Fans of the Vampire Diaries books were universally disappointed to discover that Meredith Sulez was cut from the first season of the TV series. She has long been a fan favorite, and has her own unique role in the story. Meredith is actually more Elena’s best friend than even Bonnie. She is calm, sophisticated, and the voice of reason. Where Bonnie is excitable and somewhat easily manipulated, Meredith is able to stand up to Elena; she grounds Elena, providing her with advice and offering the occasional innuendo-laden quip, and gives a voice to Elena’s conscience. Kevin Williamson and Julie Plec have promised Meredith will make an eventual appearance in the show, but who knows under what circumstances?
Another missing character is the mysterious Mrs. Flowers. The owner of the boarding house in which Stefan lives, she comes across as a dotty old lady. As the story progresses, it becomes apparent that there’s something more to her than everyone originally assumed. In the TV series, Mrs. Flowers was replaced by Damon and Stefan’s descendant, Zach Salvatore. Aside from being caretakers of their respective boarding houses, Mrs. Flowers and Zach share a passion for growing things, puttering about in basements, and hideous sweaters.
Other characters you won’t exactly recognize: Judith and Margaret Gilbert, Elena’s aunt and sister. Judith is an older lady, the sister of Elena’s father, and the legal guardian of the Gilbert girls since the death of their parents. The same role is played by Jenna in the TV series, with Jenna as a hipper, younger aunt, and someone with whom Elena generally identifies and has an amicable relationship. Judith’s relationship with Elena, however, is somewhat strained, and becomes more so when Stefan and Damon enter the picture.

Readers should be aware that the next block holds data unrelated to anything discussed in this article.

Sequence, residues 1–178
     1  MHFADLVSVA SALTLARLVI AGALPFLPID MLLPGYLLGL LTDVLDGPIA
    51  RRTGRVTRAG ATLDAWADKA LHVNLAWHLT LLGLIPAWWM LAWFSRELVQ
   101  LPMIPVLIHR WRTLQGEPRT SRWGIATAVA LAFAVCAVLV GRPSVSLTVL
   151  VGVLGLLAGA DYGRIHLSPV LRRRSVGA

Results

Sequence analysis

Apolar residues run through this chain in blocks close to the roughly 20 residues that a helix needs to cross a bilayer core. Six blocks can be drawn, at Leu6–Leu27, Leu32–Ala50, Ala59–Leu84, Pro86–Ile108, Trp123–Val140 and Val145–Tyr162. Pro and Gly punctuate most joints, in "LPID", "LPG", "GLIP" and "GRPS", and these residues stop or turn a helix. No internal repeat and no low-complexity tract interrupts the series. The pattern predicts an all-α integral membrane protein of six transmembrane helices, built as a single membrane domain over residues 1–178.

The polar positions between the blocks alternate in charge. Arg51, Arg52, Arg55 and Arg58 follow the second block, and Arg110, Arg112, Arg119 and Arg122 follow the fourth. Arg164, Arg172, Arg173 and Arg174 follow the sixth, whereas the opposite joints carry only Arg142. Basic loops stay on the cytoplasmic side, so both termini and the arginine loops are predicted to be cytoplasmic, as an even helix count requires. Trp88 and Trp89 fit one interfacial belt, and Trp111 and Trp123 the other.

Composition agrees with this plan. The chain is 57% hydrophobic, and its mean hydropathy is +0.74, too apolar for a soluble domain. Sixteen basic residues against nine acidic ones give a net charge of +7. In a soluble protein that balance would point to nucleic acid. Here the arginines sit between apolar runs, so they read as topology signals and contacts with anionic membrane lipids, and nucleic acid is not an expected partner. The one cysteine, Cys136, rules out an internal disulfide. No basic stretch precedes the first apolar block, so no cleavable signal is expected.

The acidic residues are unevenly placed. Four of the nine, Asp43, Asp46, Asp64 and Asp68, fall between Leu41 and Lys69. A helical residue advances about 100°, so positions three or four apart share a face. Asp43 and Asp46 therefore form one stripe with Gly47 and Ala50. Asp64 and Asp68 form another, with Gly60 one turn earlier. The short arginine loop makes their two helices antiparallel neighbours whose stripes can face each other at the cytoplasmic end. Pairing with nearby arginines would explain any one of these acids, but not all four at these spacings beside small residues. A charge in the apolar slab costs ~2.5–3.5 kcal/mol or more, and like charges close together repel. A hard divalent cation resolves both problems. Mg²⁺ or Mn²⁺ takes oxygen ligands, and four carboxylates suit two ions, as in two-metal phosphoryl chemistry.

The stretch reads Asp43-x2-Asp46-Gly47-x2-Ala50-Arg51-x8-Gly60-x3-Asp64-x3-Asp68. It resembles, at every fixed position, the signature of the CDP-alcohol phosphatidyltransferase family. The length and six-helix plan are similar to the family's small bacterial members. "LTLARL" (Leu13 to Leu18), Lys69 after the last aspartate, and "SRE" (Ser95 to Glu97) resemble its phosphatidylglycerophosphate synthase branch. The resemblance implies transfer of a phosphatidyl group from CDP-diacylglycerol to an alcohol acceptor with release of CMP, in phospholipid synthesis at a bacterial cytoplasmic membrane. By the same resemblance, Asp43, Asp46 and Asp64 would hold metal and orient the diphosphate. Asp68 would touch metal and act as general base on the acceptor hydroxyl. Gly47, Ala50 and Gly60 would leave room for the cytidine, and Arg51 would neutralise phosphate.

Margaret is Elena’s four year-old sister, a cute and innocent child who likes kittens. While she’s not a major character, she does feature heavily in a few plot points. In the TV series, she’s been replaced by the much older–and certainly hotter–Jeremy Gilbert. This change in character allows the writers more flexibility with the story. And, let’s face it, Steven R. McQueen probably wouldn’t look good in a dress, anyway. (He would, however, look adorable clutching a kitten.)
Not exactly. Stefan and Damon do spend some quality time with each other in the Salvatore family crypt after an unfortunate incident with some pointy steel objects, and we will say that another crypt features heavily in the story later on, but there’s no tomb containing twenty-something mummified vampires plotting revenge on Fell’s Church. In fact, compared to the show, there aren’t that many vampires featured in the original book series: they add up to a grand total of five, including the good guys. But, trust us, that’s more than enough to wreak havoc on the town.
The extensive changes to and expansion upon the basic plot also leads to very different motivations for individual characters, though you may be surprised at how the TV show has managed to remain remarkably true with your favorites, even when their history and their circumstances have changed (Alaric being the prime example). It’s also interesting to note that the ultimate fates of Vickie/Vicki and Mr. Tanner are the same in book and show, but the events that lead to said fates happen in distinctly different ways.